On the day of the race itself the weather did an about face and gave us unseasonably hot and sunny conditions, the complete opposite of those we’d trained in.  Before the start we were hurriedly slapping on the sunscreen and discarding the long-sleeved tops and bin bags intended for protection against cold and rain.   It was too hot for me really and by the time I reached the Cutty Sark at about 6 miles I could happily have stopped. Sheila and I ran together for as long as we could but eventually I lost her and found myself slowing to a walk over the cobbles of the Tower of London.  After that I managed a run/walk for the last few miles to the finish.  I was on cloud nine for days afterwards even though I was a bit disappointed with my time: 5:07-something officially and 4:57:41 by my watch – no chip timing or Garmins in those days!

 

The miles and effort I had put in during my marathon training stood me in good stead for the remainder of the year and I got several PBs (most of which still stand).

Paris Marathon

Between 1991 and 2012 I went nearly every year on the annual Club outing to London for the marathon, once to run but the rest of the time to watch and it was on one of these occasions in 2004 while sheltering with Christina and another girl called Kate under an umbrella and warming our insides with a nice drop of red, that Elaine said ‘why don’t we all enter London next year and we can train together? We’ll make a pact.’ Well my jaw must have dropped a mile as ever since that first half marathon Elaine had consistently maintained that half marathons, never mind full ones, were not for her.  As it happened I had applied to do the London marathon again both in 2004 and 2003 without success so once I’d regained the power of speech I was more than ready to agree and the other two did as well.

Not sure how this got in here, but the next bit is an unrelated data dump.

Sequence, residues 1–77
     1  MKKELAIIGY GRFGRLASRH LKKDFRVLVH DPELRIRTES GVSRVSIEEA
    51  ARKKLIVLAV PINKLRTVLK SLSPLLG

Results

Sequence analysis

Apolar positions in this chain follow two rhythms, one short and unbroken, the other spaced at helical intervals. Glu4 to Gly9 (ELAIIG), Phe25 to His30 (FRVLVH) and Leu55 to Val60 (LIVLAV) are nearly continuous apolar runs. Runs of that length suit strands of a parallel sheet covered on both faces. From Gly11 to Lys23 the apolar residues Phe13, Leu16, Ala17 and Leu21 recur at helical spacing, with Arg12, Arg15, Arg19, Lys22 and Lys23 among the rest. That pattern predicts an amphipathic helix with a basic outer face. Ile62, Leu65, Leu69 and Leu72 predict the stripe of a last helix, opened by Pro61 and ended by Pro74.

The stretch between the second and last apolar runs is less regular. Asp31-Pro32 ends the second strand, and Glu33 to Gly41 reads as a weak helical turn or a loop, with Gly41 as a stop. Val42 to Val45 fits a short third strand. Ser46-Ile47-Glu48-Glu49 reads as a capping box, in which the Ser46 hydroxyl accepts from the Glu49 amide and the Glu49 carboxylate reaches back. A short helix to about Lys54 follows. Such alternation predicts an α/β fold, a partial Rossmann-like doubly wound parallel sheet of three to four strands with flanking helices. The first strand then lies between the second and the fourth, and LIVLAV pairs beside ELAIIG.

Elaine said later that when she woke up the next day and wondered what on earth had possessed her to make such a suggestion she had at first been comforted by the thought that with all the red wine we’d been drinking it was unlikely that any of us would remember – and then (according to her account) she remembered that I’d been present and knew she wasn’t going to get away with it so lightly!

In the end, we did form a foursome to train for a marathon but it was Elaine and me, together with Jayne Farnworth and Helen Challis (Chris and Kate sensibly deciding that agreements made under the influence were not binding) who became ‘the Cackling Four’ – a nickname bestowed on us by Nigel Dadge who had been the club’s first qualified coach and instrumental in introducing a more formal coaching system to the club.  He agreed to be our coach for our marathon training and put a lot of time and effort into producing a training schedule for us, leading some of our long runs and generally keeping the show on the road as one thing after another threatened to de-rail it.